Christmas 2013 (Letter to Family and Friends, edited)
I was 11 when I first started keeping a journal. I loved how I could write anything I wanted and could go back and read it whenever I wanted. I could experience some of those feelings again just by reading and remembering. For me, it was powerful.
I still keep a journal. When I looked back on 2013, there were a lot of great milestones for our family. I turned 40, and my family pulled off a great surprise party. We spent an amazing 4th of July week in Colorado with family. Youngest Son started full day kindergarten, Middle Daughter began her first year of middle school as a 5th grader, and Oldest Daughter began her year as an 8th grader and is shadowing at high schools. Hubby got a great promotion at the hospital and paid off his med school loans.
Then there were other significant happenings: Winter storm Nemo came the day before Youngest Son’s birthday, knocking out power to everyone, and forcing us to melt buckets of snow to flush the toilets. Then there was the Hot Water Heater Disaster of St. Patrick’s Day weekend, when eighty plus gallons of water leaked all over the basement while Hubby happened to be 4 hours away.
But what stands out the most is my journal entry from April 15. When I read that, I can’t help but feel lucky.
My friend Tricia had a friend running the Boston Marathon and wanted to take the girls (hers, ours, and two friends) into the city for the day. “I’ll drive,” I said. “Sounds like fun.”
The first half of the day passed as a procession of selfies and snapshots from the girls’ iPods: first time on the T, first time at Quincy Market, first time eating in Faneuil Hall, doing their best dance pose on the steps of the State House. We saw runners chug through the final legs of the marathon and felt the energy of the crowd as we clapped and cheered for them.
We started to head toward the finish line as Tricia got a text update from her friend. We were in the most crowded section of the city, trying to move through a massive sea of slow moving people. We made all 6 girls hold hands like they were on a preschool field trip. Metal gates seemed to block every street we wanted to go down. Some kind man wearing a Boston Athletic Association jacket and badge took pity on us– I can only imagine how lost and confused we looked. He let us cut through to the family and friends meeting area, avoiding the finish line area altogether.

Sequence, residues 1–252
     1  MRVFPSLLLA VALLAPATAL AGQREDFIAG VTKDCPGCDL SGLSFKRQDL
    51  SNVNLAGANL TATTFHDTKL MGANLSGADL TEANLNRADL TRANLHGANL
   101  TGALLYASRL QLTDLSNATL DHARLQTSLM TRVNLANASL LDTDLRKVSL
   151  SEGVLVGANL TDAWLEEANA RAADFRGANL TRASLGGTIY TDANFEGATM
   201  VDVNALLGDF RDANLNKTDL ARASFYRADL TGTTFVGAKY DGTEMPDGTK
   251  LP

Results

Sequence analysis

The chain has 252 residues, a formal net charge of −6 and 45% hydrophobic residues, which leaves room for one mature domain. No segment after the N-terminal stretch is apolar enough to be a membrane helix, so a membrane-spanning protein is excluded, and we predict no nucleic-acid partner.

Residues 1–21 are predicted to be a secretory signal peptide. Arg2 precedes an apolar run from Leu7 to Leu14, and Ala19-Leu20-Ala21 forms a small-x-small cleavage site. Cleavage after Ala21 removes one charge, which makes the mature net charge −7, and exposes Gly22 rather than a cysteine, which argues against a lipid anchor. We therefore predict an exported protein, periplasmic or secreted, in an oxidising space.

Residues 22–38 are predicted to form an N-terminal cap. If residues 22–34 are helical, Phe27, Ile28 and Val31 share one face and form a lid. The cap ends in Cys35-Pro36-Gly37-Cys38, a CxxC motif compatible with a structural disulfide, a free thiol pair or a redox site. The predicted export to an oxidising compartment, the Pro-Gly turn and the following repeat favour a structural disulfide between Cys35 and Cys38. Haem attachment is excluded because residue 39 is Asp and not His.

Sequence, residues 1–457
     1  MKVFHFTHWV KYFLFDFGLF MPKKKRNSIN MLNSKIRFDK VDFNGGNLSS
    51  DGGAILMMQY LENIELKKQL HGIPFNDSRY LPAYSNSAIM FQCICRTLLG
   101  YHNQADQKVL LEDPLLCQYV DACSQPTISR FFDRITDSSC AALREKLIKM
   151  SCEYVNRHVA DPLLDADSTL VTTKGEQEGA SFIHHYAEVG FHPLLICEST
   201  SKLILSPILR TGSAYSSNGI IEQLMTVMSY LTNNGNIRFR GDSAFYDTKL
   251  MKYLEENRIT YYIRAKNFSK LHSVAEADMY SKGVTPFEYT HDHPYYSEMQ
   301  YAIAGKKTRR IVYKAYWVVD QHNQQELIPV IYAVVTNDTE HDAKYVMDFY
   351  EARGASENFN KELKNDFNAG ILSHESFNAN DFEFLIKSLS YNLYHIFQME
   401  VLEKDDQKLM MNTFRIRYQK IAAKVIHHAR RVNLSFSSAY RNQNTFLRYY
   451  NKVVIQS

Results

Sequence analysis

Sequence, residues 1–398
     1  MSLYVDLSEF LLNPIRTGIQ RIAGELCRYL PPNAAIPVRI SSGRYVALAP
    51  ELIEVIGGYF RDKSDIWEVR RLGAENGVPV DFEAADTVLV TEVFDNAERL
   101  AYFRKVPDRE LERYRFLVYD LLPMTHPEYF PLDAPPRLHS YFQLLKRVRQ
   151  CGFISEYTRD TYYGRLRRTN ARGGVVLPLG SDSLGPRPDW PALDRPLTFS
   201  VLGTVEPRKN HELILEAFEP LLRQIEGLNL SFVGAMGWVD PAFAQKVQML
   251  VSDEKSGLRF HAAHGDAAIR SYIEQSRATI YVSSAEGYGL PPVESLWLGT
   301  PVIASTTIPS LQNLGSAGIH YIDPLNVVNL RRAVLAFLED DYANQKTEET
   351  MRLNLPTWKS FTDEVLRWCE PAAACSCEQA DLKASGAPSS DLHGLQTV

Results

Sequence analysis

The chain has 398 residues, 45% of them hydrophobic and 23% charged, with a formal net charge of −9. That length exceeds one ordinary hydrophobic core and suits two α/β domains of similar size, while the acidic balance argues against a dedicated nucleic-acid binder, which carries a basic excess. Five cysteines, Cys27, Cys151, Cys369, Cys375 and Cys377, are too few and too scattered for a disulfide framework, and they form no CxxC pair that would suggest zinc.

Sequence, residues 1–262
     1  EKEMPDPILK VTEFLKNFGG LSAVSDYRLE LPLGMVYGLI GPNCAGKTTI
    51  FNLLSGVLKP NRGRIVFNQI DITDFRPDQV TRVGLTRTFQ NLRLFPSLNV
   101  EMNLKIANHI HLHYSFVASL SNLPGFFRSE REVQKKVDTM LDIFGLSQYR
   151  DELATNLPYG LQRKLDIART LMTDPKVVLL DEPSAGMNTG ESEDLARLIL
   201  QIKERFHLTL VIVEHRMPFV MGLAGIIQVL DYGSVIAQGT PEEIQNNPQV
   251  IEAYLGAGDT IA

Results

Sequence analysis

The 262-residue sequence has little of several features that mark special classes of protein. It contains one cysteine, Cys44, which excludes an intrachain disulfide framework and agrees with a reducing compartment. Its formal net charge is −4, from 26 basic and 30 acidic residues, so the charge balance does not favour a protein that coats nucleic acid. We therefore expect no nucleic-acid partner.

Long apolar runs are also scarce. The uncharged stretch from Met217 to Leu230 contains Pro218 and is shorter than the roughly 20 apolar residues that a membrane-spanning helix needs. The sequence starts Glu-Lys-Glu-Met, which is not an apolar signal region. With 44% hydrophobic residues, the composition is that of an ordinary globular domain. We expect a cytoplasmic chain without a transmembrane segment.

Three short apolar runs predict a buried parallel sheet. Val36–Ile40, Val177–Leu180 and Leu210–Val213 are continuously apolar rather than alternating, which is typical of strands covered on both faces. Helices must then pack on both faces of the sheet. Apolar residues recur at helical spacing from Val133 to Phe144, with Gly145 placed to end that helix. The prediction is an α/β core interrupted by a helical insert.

We somehow found Tricia’s friend to congratulate her and were heading back the way we came when we heard the first explosion. The girls looked at us with wide eyes. “Thunder? A jet?” I was searching for plausible explanations when we heard the second explosion. “A car accident,” we tried to reassure the girls that sounds reverberate and sound differently in a city with so many buildings close together. We kept walking away from those sounds which had only been a block and a half from where we’d stood.
Then the sirens came. Ambulance after ambulance, police cars and fire trucks screamed past us. We held hands and we just kept walking. At some point Tricia and I knew there had been explosions at the finish line, but not much more than that. We tried to keep the older girls from getting on their phones.
We walked a fine line during that time– from the time we heard the explosions until we were able to leave the city. Trying to maintain our composure, that we had things under control, that nothing bad was going to happen to us. My stomach was in knots and my heart pounded in my throat. It was pure adrenaline. One thought kept running through my head: protect the kids, keep them safe. Nothing tests your strength like looking into the scared and questioning faces of six girls, knowing they are looking to you for reassurance, guidance, and safety.
I could say that I wished we were never in Boston on that Marathon Monday. That I wished our kids never had to experience that loss of innocence that day. But then I’d never be able to point out to them– as I truly could that day– that there were angels watching over us. That we made it to exactly where we needed to be at exactly the right time. That there is strength in the power of prayer; all our friends and family back at home who were wishing for our safe return. If we were never there, I could never point out to them how strong they were that day, how they helped me to be strong. My faith in faith was restored that day.
Almost everyone I know has some connection to Boston on that day, or knows someone who does. I’m not sharing my story because I think it’s more dramatic or important than anyone else’s. Far from it. But looking back on this year, I couldn’t not share it. It puts things in perspective for me. It doesn’t make our milestones seem any smaller or more trivial, but they are sweeter, more cherished. Our troubles seem smaller, though, more manageable.
We are truly blessed and thankful to have each one of you in our lives. We are who we are because of the people who touch our lives in every small and magnificent way: the angels who watch over us, the helpers who guide us, the family who has faith in us, the friends who love us. We grow in strength and love from all of you.
God Bless and Merry Christmas.